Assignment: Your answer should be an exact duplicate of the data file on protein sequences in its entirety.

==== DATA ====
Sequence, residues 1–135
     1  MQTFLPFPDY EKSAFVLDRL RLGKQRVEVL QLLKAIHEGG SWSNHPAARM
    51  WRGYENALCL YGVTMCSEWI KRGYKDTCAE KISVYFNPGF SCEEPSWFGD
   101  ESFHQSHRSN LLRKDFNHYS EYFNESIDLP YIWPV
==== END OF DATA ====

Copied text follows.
Sequence, residues 1–135
     1  MQTFLPFPDY EKSAFVLDRL RLGKQRVEVL QLLKAIHEGG SWSNHPAARM
    51  WRGYENALCL YGVTMCSEWI KRGYKDTCAE KISVYFNPGF SCEEPSWFGD
   101  ESFHQSHRSN LLRKDFNHYS EYFNESIDLP YIWPV